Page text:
Sunday, October 27, 2019

First trackage tentatively fixed down and away we go....

The Port Costa Engine house kit from Banta arrived on Thursday (10/24/2019).  I immediately opened the box and found the sub floor for the engine house and started really planning the trackage. Three days later this is the result:

This is looking westward towards Oakland from the east end of the layout. If you are at all familiar with the SP at Port Costa you will hopefully recognize the scene with the track to McNear's warehouse to the left, the open tracks, the round house tracks and east turntable approach track. Beyond to the right are the engine service track, two Port Costa yard tracks, the eastbound main, the westbound main and I plan one last siding to the north next to the wall.  I will probably permanently park a string of completed SP boxcar kits against the wall to cover up the unseen waters edge edge of Carquinez straits

This is an SP rough drawing of the track plan for installation of a new water crane to show you what I am aiming towards.

I have added the crossover turnouts to not shown on the plan and the orientation of the east end turnouts to access the fictional beginning of the San Ramon Valley branch line just to the right of Port Costa instead of 10 miles further east at Avon on the Mococo line.  Just got to do what ya got to do when you have no space and want to somehow attach a model of the Type 18 Walnut Creek depot somewhere on the tiny layout. I haven't redrawn my overall plan to you can go back a few posts to see what I intend. 

The crossovers are intended to allow a westbound train off the branch to enter the westbound main. The SP would never have contemplated a double or single slip turnout for a location like this.

I also finally received a set of ordered Tichy windows that will closely match the size of the freight station office building. Previous sets made the distances between windows too close. 

Photo from Bob Morris collection

Ignore the numbers on the side of the building photo, I was trying to calculate the height by the number of pieces of siding.  The windows are shown against a cardboard mockup of the 16 foot tall 85 foot long building.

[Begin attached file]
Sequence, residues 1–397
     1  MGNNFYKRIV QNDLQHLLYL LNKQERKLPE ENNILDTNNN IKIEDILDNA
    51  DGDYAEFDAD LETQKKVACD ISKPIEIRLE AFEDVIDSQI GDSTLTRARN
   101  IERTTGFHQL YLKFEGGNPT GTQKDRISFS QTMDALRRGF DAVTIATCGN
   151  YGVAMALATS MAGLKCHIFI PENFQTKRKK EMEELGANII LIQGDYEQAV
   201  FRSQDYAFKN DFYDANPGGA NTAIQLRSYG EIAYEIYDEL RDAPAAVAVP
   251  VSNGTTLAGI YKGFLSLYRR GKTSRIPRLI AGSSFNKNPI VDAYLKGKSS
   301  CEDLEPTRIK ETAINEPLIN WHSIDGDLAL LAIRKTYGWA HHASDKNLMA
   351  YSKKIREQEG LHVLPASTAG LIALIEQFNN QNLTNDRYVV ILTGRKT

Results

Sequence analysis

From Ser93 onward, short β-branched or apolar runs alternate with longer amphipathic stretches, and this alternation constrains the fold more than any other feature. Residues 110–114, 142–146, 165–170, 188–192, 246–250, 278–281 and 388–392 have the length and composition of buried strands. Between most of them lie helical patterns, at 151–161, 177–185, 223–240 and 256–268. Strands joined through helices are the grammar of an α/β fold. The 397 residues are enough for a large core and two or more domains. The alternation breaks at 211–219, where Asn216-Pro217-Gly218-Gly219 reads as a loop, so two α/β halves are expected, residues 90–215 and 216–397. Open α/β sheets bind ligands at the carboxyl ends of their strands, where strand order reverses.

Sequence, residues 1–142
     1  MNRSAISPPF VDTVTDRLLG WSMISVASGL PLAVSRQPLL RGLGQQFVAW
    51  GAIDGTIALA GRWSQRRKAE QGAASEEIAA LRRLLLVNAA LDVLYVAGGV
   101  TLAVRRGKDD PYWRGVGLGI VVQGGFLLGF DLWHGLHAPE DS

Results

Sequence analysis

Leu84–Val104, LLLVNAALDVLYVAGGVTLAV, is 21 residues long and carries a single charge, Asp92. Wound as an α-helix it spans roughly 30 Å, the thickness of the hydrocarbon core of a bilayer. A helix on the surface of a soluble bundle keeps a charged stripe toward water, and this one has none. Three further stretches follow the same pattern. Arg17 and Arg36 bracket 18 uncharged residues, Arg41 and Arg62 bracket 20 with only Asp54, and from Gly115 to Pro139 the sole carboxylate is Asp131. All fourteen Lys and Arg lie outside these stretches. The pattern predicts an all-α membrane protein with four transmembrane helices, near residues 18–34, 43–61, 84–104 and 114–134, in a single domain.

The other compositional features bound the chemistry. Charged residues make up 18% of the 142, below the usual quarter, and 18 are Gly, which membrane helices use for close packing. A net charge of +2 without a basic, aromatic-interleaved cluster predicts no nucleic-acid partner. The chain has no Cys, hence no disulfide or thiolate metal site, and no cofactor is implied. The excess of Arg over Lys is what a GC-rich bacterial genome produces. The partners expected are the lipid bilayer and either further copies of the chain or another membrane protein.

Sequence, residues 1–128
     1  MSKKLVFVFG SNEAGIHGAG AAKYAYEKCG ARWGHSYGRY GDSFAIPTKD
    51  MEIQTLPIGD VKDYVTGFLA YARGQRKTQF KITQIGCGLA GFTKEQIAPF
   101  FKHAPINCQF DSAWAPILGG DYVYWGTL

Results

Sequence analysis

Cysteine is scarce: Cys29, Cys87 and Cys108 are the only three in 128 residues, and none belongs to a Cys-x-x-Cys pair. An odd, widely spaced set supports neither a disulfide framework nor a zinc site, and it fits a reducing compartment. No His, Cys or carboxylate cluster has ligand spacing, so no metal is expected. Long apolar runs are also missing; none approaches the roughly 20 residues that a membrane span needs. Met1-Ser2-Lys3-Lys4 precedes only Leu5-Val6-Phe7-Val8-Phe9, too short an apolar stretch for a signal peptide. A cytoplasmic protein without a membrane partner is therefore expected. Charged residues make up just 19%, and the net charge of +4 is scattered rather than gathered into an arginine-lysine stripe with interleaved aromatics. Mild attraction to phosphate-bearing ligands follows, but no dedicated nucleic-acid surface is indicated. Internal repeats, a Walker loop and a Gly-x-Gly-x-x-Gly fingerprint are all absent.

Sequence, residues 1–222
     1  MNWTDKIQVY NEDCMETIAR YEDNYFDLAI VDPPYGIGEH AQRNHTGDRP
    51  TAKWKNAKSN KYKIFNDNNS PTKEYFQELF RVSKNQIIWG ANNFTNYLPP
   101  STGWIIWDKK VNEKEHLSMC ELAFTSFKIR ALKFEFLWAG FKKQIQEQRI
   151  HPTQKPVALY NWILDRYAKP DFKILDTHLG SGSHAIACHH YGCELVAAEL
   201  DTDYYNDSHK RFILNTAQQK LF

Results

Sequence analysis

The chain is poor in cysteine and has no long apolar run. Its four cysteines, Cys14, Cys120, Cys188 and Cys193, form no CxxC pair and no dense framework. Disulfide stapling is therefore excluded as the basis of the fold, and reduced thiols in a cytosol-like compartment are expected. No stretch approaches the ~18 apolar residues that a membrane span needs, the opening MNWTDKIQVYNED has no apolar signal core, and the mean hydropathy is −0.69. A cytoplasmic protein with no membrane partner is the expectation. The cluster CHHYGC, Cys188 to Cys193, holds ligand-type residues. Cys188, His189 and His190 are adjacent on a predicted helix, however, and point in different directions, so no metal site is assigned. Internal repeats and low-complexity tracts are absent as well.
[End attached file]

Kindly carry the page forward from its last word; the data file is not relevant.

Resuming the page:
The freight door is scratch built as I could not find the correct one in anyone's catalog of plastic moldings. The 8 pane windows were Tichy 8028 27x62 single double hung, 8064 59x64 double double hung. and 8070 59x64 double double hung with some windows open to give it variety.  The small 4 pane window probably for a bathroom needs to be replaced with one about half that size.  I will now have to mock up the rear side of the building which is not well documented. 

Saturday morning I had a delightful 1 hour phone conversation with Ron Pleis who built the July-August 2000 RMC featured version of Port Costa. Learned a lot. I have a lot more research to do.

Tuesday, October 15, 2019

Behold a Virgin Baseboard

At long last I have the infrastructure for the Port Costa layout nearing completion. The benchwork for sections A-C and stub to begin section D have been completed and the foamboard surface has been fully fitted to the area available. 

A few more pieces of 1 X 2 poplar as joists are needed for section B to support the 1 x 1/2 inch wood trim that borders the foamboard sheets to protect it and make it look a little neater. All joists that support the trim border will need to be trimmed to a uniform length.   There is a piece of the 1 x 1/2 fir trim along the back of the baseboard.  At some point this will be used to support a backscene of the strait and the Benicia shore across the water. It will be a vague and misty scene about 18 inches in height with the aura of the fog creeping through the strait from San Francisco Bay obscuring any detail.  I haven't tried any scenic painting in over 60 years.

Section A at the far left looks huge from the perspective of looking through the door. Its not as it is only 16 X 42 inches. I will have to erect a barrier at the end of the tracks in that section to avoid trains flying off the end

The next phase is to prep the 1/16 thick polycarbonate sheet that covers the foam board.  I found out today that Home Depot does not sell Krylon spray paint or any matt or flat spray can paint. So it means a visit to Lowes, a big box I like even less than Home Depot. I am looking for a matt light shell color that Krylon advertises. Their camo colors are too dark. 

After that I will start the tracklaying phase. The first task is to finalize the location for the turntable and roundhouse. I have the Banta kit for the Port Costa roundhouse on order and once that is on hand will be able to locate the structure and cut the turntable pit. Interestingly Peco has just this week announced a turntable motor and control as a separate item at a reasonable cost. I am tempted to order one and see if I can abandon my planned manual armstrong method of turntable control which while prototype for Port Costa would present constant problems with all the overhead steam lines that criss crossed the engine service area. Once the location of the turntable is finalized and a pit constructed I can finish the turntable.

No fancy lighting or shadow boxes are planned. This is more a diorama than an operational model railroad. Just a place for me to run my kit bashed boxcars, reefers and a few other models back and forth.

Added 10/19/2019
Last photos before track and everything else gets built. I have sprayed the polycarbonate sheet with a matte primer.